Mark Frazier, co-owner of Dallas Eagle, and Ron Hennis, manager of the San Francisco Eagle Tavern, are in negotiations for Frazier to purchase the San Francisco bar from owner John Gardiner, according to the San Francisco LGBT newspaper, Bay Area Reporter.

Dallas Voice hasn’t spoken with Frazier to confirm the report, but the newspaper has an extensive story that includes numerous quotes from Frazier, including one in which Frazier indicates that if the sale goes through, he’ll move to San Francisco. “It’s been a dream of mine for a very long time,” Frazier said.

According to the newspaper, Gardiner decided not to sell to the owner of another bar there, a possibility which had upset some in the LGBT community since it might have meant the Eagle would no longer be a gay bar. Frazier told the newspaper that the only thing holding up the deal right now is that neither Frazier nor Hennis has been able to get in contact with the owner of the property where the SF Eagle is located, John Nikitopoulos.

Mark Frazier has long been a huge asset to Dallas’ LGBT community, and we would hate to lose him to San Francisco. But we certainly don’t want to stand in the way of his dream, either! Here’s wishing you all the best, Mark!

—  admin

Bellying up to the bar: Leatherman Payne and partner dive into club ownership with Eagle

MEN OF DENIM | Ostmeyer, Payne, Johnson, Frazier and Roy now all own the Dallas Eagle.

ARNOLD WAYNE JONES  | Life+Style Editor

Until about a month ago, everything Jeffrey Payne knew about a bar was how to order a Sprite in one (Payne doesn’t drink). Maybe how to cruise a guy during happy hour. That was it.

That’s changing. Fast.

At the end of January, Payne and his partner David Roy became shareholders in the Dallas Eagle.

“David and I have been speaking about it for a few years. We toyed with starting our own bar, had looked at other bars that had come up for sale in the meantime but never found what we were looking for,” Payne says.

Then last year Mark Frazier, one of the owners of the Eagle, approached them. “He heard we were looking,” Payne says, and asked if they would be interested in investing. Things progressed fairly quickly from there.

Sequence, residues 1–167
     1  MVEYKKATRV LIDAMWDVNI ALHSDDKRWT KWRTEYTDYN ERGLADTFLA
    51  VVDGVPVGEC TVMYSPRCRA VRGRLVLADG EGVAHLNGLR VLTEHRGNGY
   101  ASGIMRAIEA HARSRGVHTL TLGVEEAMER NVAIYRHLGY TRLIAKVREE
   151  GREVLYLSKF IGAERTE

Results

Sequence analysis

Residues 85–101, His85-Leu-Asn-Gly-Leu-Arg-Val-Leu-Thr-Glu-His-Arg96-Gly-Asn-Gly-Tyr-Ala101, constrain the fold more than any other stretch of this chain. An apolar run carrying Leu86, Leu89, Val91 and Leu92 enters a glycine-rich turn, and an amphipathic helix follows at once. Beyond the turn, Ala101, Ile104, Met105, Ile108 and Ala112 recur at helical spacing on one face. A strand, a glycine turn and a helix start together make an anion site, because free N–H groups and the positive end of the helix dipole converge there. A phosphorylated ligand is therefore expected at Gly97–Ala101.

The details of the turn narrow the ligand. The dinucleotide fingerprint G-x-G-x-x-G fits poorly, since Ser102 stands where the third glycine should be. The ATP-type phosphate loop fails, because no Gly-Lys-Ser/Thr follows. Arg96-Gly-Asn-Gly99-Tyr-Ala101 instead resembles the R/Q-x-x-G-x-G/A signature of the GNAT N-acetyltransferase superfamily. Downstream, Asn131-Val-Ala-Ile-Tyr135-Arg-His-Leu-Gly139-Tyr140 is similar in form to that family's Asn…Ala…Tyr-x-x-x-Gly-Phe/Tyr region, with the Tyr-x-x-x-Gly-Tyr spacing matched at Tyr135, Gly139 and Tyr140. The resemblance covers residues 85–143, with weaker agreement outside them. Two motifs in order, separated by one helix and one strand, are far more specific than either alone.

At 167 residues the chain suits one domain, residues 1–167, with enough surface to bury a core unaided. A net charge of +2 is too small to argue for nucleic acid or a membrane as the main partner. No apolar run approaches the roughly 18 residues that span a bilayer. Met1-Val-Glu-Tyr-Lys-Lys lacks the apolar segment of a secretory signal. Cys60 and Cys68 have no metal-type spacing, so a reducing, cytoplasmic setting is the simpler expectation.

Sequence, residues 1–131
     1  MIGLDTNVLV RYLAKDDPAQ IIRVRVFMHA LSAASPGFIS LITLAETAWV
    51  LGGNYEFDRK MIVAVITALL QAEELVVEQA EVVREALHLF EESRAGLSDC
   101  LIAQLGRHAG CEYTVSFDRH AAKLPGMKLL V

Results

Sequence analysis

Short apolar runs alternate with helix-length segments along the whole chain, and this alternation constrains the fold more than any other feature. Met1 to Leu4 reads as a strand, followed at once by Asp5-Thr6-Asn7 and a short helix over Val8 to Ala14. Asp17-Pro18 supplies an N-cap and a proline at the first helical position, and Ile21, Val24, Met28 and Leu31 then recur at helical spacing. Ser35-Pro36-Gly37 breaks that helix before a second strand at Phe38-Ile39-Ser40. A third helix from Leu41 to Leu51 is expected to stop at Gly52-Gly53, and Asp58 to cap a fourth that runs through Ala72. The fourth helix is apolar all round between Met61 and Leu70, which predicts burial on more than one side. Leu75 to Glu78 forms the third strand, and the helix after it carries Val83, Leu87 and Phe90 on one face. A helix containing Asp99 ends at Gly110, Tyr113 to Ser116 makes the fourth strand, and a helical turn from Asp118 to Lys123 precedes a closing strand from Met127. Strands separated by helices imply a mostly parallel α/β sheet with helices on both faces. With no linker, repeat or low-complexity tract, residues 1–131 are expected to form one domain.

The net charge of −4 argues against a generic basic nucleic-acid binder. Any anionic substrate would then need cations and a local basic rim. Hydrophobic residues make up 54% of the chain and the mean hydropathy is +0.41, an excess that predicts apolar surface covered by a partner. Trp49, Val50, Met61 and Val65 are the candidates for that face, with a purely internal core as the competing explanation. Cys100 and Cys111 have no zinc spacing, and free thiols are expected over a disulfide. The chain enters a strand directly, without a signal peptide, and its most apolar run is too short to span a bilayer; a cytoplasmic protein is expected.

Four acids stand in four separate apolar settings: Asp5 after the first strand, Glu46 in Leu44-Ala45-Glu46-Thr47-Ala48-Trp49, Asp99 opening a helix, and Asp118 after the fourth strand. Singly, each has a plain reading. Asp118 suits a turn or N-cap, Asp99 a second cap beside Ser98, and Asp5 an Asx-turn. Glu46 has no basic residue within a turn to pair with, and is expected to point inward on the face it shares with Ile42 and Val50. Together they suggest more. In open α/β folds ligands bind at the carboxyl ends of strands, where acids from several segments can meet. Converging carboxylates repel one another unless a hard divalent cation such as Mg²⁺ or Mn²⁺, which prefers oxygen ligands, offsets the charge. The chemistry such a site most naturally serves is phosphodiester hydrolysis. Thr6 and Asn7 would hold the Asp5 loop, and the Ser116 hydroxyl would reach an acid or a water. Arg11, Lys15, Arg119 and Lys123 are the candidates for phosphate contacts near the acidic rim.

“I really didn’t know what to expect,” Payne says. ”Working with Mark and Cully Johnson and Jerry Ostmeyer, who are the other owners, we all bring something different to the table. We’re all active. There’s no silent partner, no one standing on the sidelines. Lot of changes have either happened or are about to happen. The DJ booth is now against the side; new countertops are being put in; and we have an updated draft [beer] system.”

Payne’s history with the Eagle is notable. He was named Mr. Dallas Eagle in 2008 — the first step on his way to Mr. Texas Leather and finally International Mr. Leather, a title he held from May 2009 to 2010 and for which he received widespread acclaim throughout the community for his leadership.

“Having been around the world like I have been, getting to know the hugely supportive gay community — not just the leather community — I wanted to be more involved,” he says. “The Eagle was just the right thing we were looking for. It’s a Levi/leather bar, but it doesn’t stop there: The bears, the court, the drag queens, softball teams, the bowling league — it’s not limited to just one sector of the community. It’s a wide array of people. Even straight people who are involved in the gay community hold activities there.”

“Bar owner” joins Payne’s other job titles of late, which also include running a court reporting service and serving on his non-profit Sharon St. Cyr Foundation, which raises money for hearing aids and sign interpretation for the deaf community. Payne is going deaf, although it has not progressed as fast as his doctors had predicted.

“It has gradually gotten worse but I’ll hang on to every day I can,” he says. ”Understanding is escaping more and more. David said something to me this morning and what I heard and what he said were on two different planes. Mine was much funnier.”

His hearing impairment also figures into his work at the Eagle — in some not-to-predictable ways.

“Sunday was the first time I worked behind the bar,” he says. “When I’m at the Eagle I don’t wear my hearing aids so people were placing orders and I didn’t hear them.”

This article appeared in the Dallas Voice print edition March 4, 2011.

—  John Wright

Parade proceeds donation

FOR THE YOUTH  | Officials with Dallas Tavern Guild presents Youth First Texas Development Director Sam Wilkes and Board Chair T.J. Wilson a check for $7,500 representing proceeds from the 2010 Alan Ross Texas Freedom Parade during a recent DTG meeting. Pictured are, front from left, Culley Johnson, Dallas Eagle; Howard Okun, The Brick; Allen Pierce, The Round-Up Saloon; G. Maywald, BJ’s; Wilkes and Wilson, Youth First Texas; Andy Krumm, BJ’s; Jack Adams, Club Wet; Jesse Avalos, BJ’s and Keith Lackie, Klub Wet; back, from left, Matt Louzau, Barbara’s Pavillion; Dan Faust, Kaliente; Mark Frazier, Dallas Eagle; Greg Kilhoffer, Caven Enterprises; Frank Holland, Pekrs; Gary Miller, Round-Up Saloon; Chris Weinfurter, Woody’s.

This article appeared in the Dallas Voice print edition December 10, 2010.

—  Michael Stephens